Spenser's Faerie Queene: An Interpretation

Spenser's Faerie Queene: An Interpretation

Spenser's Faerie Queene: An Interpretation

Spenser's Faerie Queene: An Interpretation

Excerpt

Short as it is, this book has been on the stocks for more than five years. During that time the river of American critical work on Spenser, already a considerable stream, has risen to a flood. Two courses were open to me: either to make a complete study of this critical work, and answer or incorporate its conclusions in my own book; or to ignore it, only taking cognizance of it where its results seemed certain, and would invalidate my own theories. I chose the second course, and have tried to read all books and articles, the titles or available synopses of which suggested that they would cut across my ground. On the whole it has not seemed necessary to deal directly with them. Much useful and stimulating work, for example, has been done on Spenser's philosophy, but it is all still in the controversial stage, and to attempt to relate one's own thesis to it is like trying to fix one's boundaries in relation to a swiftly moving train. I have, of course, always had at hand the invaluable Reference Catalogue of the late Dr. Ives Carpenter, and I have also in the later stages used the Handbook of Mr. H. S. V. Jones.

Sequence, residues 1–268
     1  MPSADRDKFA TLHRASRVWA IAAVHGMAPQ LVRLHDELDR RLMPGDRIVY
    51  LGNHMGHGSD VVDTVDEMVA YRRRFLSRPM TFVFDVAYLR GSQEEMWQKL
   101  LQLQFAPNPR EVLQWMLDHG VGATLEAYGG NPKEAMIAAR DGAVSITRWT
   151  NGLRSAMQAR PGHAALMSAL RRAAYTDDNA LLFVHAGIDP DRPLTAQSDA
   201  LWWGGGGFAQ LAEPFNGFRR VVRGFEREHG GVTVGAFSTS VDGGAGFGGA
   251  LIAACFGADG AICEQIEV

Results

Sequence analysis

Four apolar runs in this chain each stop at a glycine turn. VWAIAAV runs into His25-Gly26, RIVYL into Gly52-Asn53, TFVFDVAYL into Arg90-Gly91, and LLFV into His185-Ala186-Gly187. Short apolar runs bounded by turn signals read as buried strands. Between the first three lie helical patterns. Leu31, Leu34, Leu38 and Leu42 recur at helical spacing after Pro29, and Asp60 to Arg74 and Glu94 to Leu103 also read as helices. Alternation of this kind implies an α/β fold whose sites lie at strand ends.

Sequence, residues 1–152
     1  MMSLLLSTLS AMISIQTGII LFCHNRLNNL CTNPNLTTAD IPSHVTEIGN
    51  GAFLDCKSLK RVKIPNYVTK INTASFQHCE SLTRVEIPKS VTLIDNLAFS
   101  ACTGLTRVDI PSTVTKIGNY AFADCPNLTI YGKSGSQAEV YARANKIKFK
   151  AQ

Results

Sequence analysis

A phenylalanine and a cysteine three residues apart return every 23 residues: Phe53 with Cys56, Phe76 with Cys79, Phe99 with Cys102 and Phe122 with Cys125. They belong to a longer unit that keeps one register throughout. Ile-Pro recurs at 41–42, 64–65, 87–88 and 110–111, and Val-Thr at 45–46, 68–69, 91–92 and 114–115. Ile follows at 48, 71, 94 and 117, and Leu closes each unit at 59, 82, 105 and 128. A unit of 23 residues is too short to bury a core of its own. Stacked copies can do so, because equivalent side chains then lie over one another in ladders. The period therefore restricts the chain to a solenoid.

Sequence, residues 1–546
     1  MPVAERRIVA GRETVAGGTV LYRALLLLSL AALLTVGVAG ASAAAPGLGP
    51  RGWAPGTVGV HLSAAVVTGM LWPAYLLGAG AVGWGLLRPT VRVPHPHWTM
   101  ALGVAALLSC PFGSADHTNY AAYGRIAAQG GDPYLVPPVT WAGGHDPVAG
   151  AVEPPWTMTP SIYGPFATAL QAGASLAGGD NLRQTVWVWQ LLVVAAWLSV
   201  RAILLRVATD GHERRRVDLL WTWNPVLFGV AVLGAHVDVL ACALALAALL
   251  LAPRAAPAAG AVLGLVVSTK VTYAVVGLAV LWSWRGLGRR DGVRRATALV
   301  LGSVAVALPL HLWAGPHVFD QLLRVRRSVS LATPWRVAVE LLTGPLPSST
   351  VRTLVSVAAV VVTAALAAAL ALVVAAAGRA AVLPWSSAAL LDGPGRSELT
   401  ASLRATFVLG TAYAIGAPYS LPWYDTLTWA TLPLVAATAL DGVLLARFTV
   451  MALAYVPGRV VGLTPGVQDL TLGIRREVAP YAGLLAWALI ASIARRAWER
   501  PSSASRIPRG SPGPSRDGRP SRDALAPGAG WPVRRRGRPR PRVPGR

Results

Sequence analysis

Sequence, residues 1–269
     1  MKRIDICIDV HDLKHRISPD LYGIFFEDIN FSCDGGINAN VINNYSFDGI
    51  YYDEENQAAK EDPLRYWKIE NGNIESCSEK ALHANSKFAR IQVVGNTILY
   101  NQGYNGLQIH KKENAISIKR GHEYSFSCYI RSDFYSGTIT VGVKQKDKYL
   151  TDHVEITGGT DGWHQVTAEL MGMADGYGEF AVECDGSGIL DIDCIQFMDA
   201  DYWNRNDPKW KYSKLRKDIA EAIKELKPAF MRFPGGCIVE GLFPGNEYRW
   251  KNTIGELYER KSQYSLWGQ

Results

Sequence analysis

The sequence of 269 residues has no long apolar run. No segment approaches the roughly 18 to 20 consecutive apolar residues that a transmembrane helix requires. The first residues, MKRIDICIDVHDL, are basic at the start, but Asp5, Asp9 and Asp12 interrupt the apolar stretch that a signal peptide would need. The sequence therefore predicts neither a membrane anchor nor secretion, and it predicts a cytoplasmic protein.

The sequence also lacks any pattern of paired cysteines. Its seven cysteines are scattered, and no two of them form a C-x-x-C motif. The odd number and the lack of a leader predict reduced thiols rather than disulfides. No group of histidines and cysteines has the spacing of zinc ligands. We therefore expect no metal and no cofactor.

The volume of English criticism is incomparably less. In Professor Renwick's delightful book I have found much stimulus, but its direct bearing is less on The Faerie Queene than on the Minor poems, and my book was too far advanced to be much affected by the Edmund Spenser of Mr. B. E. C. Davis. I am deeply indebted to Dean Inge for permission to quote his Philosophy of Plotinus in the chapter on Spenser's philosophy. To Miss Ethel Seaton, Fellow . . .

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